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Age and sex differences in the cortisol stress reactivity and recovery among infants exposed to prenatal psychological distress

Julkaisun tekijätKortesluoma Susanna, Korhonen Laura S, Pelto Juho, Tuulari Jetro J, Karlsson Linnea, Karlsson Hasse




Tietokannassa oleva lehden nimiPSYCHONEUROENDOCRINOLOGY


Artikkelin numero 105580


Sivujen määrä12





Rinnakkaistallenteen osoite



Altered hypothalamic-pituitary-adrenal axis (HPA) functioning is one of the potential mechanisms bridging exposure to maternal prenatal psychological distress (PPD) and later risk for offspring psychiatric illness. Research on infant cortisol stress reactivity, on scarcely studied recovery and their associations with maternal PPD is needed to clarify these mechanisms. Knowledge on sex differences in prospective settings is largely lacking. We aimed at filling these gaps by building upon our previous report showing that exposure to maternal prenatal depressive and anxiety symptoms associates with slower cortisol recovery among 10-week-old female infants.


In all, 363, 205 and 263 infants at 10 weeks, six and 14 months of age from the FinnBrain Birth Cohort Study participated in a stress test comprising of venipuncture and nasopharynx sampling. Five saliva cortisol samples were collected during each visit to measure cortisol reactivity and recovery. PPD was assessed from maternal self-reports for depressive, anxiety and pregnancy-related anxiety symptoms at gestational weeks 14, 24 and 34.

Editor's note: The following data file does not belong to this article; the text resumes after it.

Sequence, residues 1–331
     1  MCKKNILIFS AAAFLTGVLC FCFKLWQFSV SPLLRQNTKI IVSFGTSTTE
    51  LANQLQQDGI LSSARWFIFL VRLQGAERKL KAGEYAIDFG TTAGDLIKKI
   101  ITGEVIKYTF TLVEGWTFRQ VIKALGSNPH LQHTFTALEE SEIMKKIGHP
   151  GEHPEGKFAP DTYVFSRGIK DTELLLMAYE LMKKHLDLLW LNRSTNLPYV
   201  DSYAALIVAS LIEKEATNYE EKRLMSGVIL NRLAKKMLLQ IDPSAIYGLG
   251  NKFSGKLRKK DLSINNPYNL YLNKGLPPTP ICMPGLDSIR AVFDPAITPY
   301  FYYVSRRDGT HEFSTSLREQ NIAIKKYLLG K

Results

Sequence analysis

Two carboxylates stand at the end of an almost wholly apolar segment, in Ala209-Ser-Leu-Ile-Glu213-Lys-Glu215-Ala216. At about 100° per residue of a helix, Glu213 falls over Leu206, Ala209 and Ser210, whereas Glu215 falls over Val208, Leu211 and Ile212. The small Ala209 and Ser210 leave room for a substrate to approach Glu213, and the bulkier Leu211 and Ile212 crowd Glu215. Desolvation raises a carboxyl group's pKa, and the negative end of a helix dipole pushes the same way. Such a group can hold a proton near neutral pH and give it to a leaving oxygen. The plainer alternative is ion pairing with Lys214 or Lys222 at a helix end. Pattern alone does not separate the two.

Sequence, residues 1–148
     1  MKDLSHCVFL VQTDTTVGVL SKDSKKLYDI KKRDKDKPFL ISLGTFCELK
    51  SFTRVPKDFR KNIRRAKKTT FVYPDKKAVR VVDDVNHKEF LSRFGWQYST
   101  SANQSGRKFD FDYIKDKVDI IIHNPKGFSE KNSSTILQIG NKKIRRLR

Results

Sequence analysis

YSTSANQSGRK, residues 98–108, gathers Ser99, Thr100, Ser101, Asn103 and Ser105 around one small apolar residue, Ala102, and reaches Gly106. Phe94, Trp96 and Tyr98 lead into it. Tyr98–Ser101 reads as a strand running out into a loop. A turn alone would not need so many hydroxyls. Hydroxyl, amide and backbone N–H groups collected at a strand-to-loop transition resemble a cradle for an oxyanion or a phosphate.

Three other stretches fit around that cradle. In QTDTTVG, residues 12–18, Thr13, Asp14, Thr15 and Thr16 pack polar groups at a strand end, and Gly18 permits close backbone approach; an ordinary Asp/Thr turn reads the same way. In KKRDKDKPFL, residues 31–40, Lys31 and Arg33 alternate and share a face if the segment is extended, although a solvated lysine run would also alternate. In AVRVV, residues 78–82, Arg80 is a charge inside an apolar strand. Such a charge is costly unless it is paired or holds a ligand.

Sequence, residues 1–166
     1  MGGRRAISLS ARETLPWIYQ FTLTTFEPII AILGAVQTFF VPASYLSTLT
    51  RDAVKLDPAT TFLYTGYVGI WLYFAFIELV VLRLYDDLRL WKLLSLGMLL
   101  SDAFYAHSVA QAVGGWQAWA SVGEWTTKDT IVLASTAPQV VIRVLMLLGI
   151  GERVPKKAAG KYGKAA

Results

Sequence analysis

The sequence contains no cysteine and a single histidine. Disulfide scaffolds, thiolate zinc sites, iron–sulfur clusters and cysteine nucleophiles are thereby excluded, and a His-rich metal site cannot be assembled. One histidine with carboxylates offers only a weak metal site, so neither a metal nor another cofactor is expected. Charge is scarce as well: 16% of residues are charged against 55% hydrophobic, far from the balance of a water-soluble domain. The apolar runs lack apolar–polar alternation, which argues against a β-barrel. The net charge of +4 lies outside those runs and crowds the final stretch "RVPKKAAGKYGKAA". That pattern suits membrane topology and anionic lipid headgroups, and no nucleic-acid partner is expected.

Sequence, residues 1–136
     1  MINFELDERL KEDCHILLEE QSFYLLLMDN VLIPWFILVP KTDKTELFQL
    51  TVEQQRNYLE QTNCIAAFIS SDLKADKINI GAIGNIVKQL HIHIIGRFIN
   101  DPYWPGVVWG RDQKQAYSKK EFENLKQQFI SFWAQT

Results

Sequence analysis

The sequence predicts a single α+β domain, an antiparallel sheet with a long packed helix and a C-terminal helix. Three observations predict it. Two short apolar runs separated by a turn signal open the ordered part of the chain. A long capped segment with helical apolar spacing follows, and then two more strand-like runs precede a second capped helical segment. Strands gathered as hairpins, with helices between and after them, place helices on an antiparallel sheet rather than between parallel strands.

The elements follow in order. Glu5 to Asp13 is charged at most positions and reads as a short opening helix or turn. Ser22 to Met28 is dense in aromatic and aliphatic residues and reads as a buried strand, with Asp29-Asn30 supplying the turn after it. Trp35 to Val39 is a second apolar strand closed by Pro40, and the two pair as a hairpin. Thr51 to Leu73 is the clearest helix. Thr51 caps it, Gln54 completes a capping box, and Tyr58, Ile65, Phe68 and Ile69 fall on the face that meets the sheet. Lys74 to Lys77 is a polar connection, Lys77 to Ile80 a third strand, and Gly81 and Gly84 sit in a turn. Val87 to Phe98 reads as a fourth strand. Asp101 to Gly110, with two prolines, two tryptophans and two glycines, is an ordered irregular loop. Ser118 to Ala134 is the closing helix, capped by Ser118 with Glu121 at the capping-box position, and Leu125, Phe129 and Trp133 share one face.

An 11% enhanced recovery among 14-month-old females was associated with higher depressive and anxiety symptoms (95% CI = 1-23%) and pregnancy-related anxiety symptoms (2-21%). No alterations in the female cortisol reactivity or male cortisol stress responses were observed.


The opposite directions in the associations between the PPD exposure and infant cortisol recovery among 10-week-old and 14-month-old females suggest sex- and age-dependent associations between HPA axis functioning and PPD exposure among healthy infants. Follow-up is needed to characterize the impact of this altered negative feedback mechanism on later health.

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Last updated on 2022-12-08 at 14:29